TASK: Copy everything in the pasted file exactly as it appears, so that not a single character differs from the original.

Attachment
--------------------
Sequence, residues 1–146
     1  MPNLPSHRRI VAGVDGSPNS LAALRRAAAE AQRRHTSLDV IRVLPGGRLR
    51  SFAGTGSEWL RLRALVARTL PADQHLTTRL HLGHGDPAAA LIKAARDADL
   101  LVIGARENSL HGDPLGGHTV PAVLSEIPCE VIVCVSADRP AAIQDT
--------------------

Sequence, residues 1–146
     1  MPNLPSHRRI VAGVDGSPNS LAALRRAAAE AQRRHTSLDV IRVLPGGRLR
    51  SFAGTGSEWL RLRALVARTL PADQHLTTRL HLGHGDPAAA LIKAARDADL
   101  LVIGARENSL HGDPLGGHTV PAVLSEIPCE VIVCVSADRP AAIQDT